Wednesday, November 23, 2016

With Trump, It's Time to Talk Carbon Tariffs

“The concept of global warming was created by and for the Chinese in order to make U.S. manufacturing non-competitive.” – Donald Trump, November 2012.

The election of Republican Party nominee Donald Trump to the office of President of the United States of America means that there will be dark days ahead for those concerned about the climate crisis. Trump, who has called climate change a “hoax”(see:“Yes, Donald Trump did call climate change a Chinese hoax,” Politifact, June 3, 2016). , campaigned on tearing up the 2015 international Paris climate treaty (see:“Donald Trump promises to rip up Paris climate agreement in energy speech,” MSNBC, May 26, 2016) , and expanding U.S. energy production from the very dirtiest form of carbon energy – coal (see: “Donald Trump, in Pittsburgh, pledges to boost coal and gas,” the New York Times, September 22, 2016).

The chances of a Trump administration putting a price on carbon pollution are somewhere between zero and when hell freezes over.

Trump is already in the process of disassembling out-going President Barack Obama’s meagre climate change initiatives.  The Keystone XL pipeline is being resurrected from the dead (see: “Donald Trump Victory Breathes New Life Into Keystone XL Pipeline,” the Huffington Post, November 9, 2016), and cries of “Drill, Baby, Drill!” are emanating from his transition team as they talk of opening more federal lands and oceans to fossil development (see:“Trump advisor promises a return to ‘Drill, Baby, Drill’,” ThinkProgress, November 15, 2016).

If the writing wasn’t already on the wall throughout Trump’s junk-science fueled election campaign, the appointment of well-known climate change denier Myron Ebell to head the Environmental Protection Agency transition team was like erecting a 10-storey high billboard telling the fossil fuel industry to let the good times roll (see: .“Myron Ebell, the Climate Contrarian Now Plotting the EPA’s Precarious Future,”  InsideClimateNews, November 16, 2016). 

Over in Marrakech, Morocco, at the COP22 climate conference, delegates from around the world are shell shocked.  They’re putting on a brave face, pretending that it’s still business as usual (see: “Climate skeptic Trump makes environmentalists at Morocco meeting sweat,” USA Today, November 10, 2016).  Ultimately,  the international community will have to confront the U.S. as a rogue state – and international leaders like Canada’s Prime Minister Justin Trudeau had best start turning their attention towards that.

Former French President Nicolas Sarkozy is already thinking ahead.  Earlier this week, Sarkozy said that Europe ought to consider placing carbon tariffs on U.S. imports if Trump refuses to put a domestic price on carbon pollution.  Talk of tariffs is only going to increase as more regions and nations price carbon – while Trump calls for more protectionist trade policies, and for tearing up trade deals like NAFTA (see: “Trump vows to ‘rip up’ all trade agreements,” The Hill, March 3, 2016).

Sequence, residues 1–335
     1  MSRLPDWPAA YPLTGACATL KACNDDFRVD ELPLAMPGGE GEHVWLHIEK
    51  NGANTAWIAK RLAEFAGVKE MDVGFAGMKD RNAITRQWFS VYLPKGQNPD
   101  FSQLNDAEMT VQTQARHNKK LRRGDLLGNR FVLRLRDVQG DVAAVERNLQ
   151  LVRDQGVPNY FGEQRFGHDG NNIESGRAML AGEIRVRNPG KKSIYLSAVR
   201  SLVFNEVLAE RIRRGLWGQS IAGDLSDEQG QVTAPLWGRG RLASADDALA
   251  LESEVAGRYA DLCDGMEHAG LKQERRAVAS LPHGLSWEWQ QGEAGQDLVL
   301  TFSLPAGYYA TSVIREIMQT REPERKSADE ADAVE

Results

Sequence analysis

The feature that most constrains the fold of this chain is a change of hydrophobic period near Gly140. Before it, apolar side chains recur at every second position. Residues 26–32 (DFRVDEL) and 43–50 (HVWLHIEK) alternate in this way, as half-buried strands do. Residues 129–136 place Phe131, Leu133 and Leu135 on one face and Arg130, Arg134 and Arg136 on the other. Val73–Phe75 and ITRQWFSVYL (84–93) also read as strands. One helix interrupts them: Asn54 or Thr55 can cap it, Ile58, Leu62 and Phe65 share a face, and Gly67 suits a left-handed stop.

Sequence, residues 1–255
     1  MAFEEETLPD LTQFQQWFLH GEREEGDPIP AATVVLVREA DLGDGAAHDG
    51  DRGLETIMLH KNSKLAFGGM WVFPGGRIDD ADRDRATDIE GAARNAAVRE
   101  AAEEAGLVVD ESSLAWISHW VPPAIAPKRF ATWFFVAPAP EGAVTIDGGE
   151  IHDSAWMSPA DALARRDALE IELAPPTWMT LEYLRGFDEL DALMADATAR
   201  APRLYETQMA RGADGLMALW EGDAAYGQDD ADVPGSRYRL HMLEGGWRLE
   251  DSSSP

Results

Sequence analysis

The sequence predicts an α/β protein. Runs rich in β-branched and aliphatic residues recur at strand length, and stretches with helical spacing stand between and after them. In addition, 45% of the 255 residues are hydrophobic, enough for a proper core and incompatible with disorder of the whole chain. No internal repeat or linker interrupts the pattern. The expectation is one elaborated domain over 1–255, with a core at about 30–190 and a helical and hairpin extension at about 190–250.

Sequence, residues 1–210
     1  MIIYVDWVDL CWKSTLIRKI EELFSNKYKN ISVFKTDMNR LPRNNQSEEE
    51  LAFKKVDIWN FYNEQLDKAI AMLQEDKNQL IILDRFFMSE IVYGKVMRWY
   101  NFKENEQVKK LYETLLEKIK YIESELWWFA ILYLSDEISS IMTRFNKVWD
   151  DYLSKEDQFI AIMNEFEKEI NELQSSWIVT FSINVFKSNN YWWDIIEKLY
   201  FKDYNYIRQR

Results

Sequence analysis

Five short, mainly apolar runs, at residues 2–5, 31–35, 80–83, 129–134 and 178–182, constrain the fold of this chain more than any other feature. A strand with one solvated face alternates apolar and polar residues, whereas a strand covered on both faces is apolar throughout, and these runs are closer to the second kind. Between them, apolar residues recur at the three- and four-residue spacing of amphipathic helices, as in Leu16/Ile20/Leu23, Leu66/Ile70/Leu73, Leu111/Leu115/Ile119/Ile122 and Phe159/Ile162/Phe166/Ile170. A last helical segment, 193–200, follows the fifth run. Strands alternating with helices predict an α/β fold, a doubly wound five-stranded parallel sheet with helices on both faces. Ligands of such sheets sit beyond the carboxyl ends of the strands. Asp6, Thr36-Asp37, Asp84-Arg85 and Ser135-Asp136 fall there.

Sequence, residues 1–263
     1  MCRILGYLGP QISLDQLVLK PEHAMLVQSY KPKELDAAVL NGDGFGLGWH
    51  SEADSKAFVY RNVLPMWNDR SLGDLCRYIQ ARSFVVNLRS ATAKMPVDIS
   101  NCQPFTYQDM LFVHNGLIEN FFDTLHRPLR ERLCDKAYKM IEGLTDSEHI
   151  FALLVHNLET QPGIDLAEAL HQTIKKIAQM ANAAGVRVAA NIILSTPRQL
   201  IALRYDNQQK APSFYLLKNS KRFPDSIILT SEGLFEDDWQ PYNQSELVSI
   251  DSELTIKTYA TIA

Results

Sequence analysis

Not that it will likely matter to Donald Trump, but the World Trade Organization has already given a nod towards legitimizing carbon tariffs to protect business exposed industries that are subject to domestic carbon prices (see: “WTO and Border Adjustment Laser Talk,” Citizens Climate Lobby, undated).  While the federal Liberals haven’t yet released the specifics of their climate change plan, the plan will almost certainly have to include carbon tariffs that will level the field for goods crossing the Canadian border nations that refuse to price pollution.  

A national carbon tariff would also benefit provinces like Ontario, which is rolling out a Cap and Trade scheme in 2017. One of the big criticisms of Ontario’s Cap and Trade initiative is that many of the province’s biggest polluters won’t have to pay into it for several years, due to being deemed ‘trade exposed’(see:“The climate plan and you,” Dr. David Robinson, Northern Ontario Business, July 4, 2016).  The freebie allowances they’ll be receiving from the government will depress the market, and may render the whole initiative ineffective. Premier Kathleen Wynne has been intending on using Cap and Trade revenues to fund a myriad of climate initiatives. With a national carbon tariff in place protecting trade exposed industries, it may be that Ontario can quit handing out permits to pollute. That’ll be better for both the environment and the government’s bottom line.

Carbon markets are popping up everywhere.  China, long deemed a climate enemy thanks to its reliance on coal to power economic growth, has committed to opening the world’s largest carbon trading market next year (see: “China Will Start the World’s Largest Trading Market,” Scientific American, May 16, 2016). In a world turned upside down, it was China that emphatically told President-Elect Trump that he would be defying the wishes of the entire planet if the U.S. opted out of the Paris agreement (see:“China warns Trump against abandoning climate change deal,” the Financial Times, November 11, 2016).

(opinions expressed in this blogpost are my own and should not be considered consistent with the policies and/or positions of the Green Parties of Canada and Ontario)

Originally published in the Sudbury Star as, "With Trump in, it's time to talk carbon tariffs," in print and online as, "Sudbury Column: Time to talk carbon tariffs vs. U.S.," November 19, 2016, without hyperlinks.

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